Would it not be wonderful if our Gospels were all signed and dated so there could be no debates about who wrote them or when?
The hermeneutic of charity would rule and only the hypersceptical and “minimalists” would entertain any doubts.
Well, there is one gospel that is signed, addressed and dated. It was written by James the step-brother of Jesus in the very year in which Herod died and Jesus was born. At the end of this gospel it is written:
And I James that wrote this history in Jerusalem, a commotion having arisen when Herod died, withdrew myself to the wilderness until the commotion in Jerusalem ceased, glorifying the Lord God, who had given me the gift and the wisdom to write this history. And grace shall be with them that fear our Lord Jesus Christ, to whom be glory to ages of ages. Amen.
What more could any student of the Bible want? Except maybe to have that sort of information tagged on to the Gospels in the Bible. This is from what is known as the Infancy Gospel of James (or the Protevangelium of James).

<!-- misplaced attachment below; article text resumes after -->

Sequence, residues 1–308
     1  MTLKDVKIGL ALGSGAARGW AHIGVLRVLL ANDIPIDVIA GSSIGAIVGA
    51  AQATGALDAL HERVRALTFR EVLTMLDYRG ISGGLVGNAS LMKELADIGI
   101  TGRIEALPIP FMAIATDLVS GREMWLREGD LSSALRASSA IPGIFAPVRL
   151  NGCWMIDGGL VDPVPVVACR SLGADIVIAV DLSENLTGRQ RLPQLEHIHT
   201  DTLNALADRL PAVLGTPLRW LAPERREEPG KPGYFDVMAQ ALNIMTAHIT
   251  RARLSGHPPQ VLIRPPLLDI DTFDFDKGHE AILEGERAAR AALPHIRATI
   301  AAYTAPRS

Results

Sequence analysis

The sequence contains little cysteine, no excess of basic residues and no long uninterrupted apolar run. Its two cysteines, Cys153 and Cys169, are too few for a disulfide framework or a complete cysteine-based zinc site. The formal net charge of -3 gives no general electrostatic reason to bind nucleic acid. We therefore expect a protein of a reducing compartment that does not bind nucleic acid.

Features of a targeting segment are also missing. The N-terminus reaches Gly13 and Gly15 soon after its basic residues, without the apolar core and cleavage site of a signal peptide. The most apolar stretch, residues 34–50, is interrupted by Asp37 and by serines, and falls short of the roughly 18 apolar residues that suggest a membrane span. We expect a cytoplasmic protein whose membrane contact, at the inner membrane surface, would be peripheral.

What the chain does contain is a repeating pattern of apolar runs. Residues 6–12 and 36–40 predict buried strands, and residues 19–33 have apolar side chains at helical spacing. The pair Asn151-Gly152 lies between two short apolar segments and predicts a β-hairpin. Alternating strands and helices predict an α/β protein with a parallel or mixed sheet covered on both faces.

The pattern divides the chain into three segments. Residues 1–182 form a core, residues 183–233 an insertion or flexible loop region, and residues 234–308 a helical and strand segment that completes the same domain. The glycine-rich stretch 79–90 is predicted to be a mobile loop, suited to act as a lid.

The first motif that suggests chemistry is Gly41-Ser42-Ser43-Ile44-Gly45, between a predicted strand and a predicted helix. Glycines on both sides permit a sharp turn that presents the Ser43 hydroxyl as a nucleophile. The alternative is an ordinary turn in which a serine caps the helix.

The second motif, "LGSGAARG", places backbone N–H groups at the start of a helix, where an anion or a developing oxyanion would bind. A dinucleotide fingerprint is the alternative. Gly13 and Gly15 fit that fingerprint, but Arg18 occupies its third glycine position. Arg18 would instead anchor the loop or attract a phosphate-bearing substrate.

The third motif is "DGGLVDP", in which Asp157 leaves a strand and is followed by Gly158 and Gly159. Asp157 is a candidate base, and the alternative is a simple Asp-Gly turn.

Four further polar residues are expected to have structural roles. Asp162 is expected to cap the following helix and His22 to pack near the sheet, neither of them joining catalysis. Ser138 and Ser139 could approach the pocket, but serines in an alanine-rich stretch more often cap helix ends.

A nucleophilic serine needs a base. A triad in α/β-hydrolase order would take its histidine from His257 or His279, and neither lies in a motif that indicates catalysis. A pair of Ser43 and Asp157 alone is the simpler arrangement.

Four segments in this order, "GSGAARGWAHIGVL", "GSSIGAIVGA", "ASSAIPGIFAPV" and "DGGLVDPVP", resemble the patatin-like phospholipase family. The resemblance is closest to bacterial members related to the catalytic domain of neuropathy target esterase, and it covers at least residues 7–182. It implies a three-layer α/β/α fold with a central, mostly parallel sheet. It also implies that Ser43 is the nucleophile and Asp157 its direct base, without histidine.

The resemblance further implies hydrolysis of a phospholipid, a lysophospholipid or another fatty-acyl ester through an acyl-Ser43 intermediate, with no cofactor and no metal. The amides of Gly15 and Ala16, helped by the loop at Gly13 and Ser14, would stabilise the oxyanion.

The problem appears to be that this identification is attached to a gospel that did not make it into the Bible. I am sure no biblical scholar and probably no serious Christian really believes what they read here. But there is more to it than simply not being in the Bible. This Gospel is about Mary and her own miraculous birth as well as her perpetual virginity. Jesus only appears at the very end as a little babe born in a cave. Probably most scholars would place this belief about Mary and her exaltation well into the second century. But Luke’s prologue itself points to much the same idea.
So why not place this Infancy gospel around the same time as Luke in the first century?
The basic ideas in what follows, and the title of this post itself, are all drawn from pages 340-1 of Dating Acts: Between the Evangelists and the Apologists by Richard I. Pervo. I have played a little with the way in which the ideas are presented but not much more. Just to be perverse, this post is not really about the Infancy Gospel of James at all despite the surface-discussion speaking of that Gospel most of the time, but about the dating of the Gospel of Luke. Continue reading “How Late Can a Gospel Be?”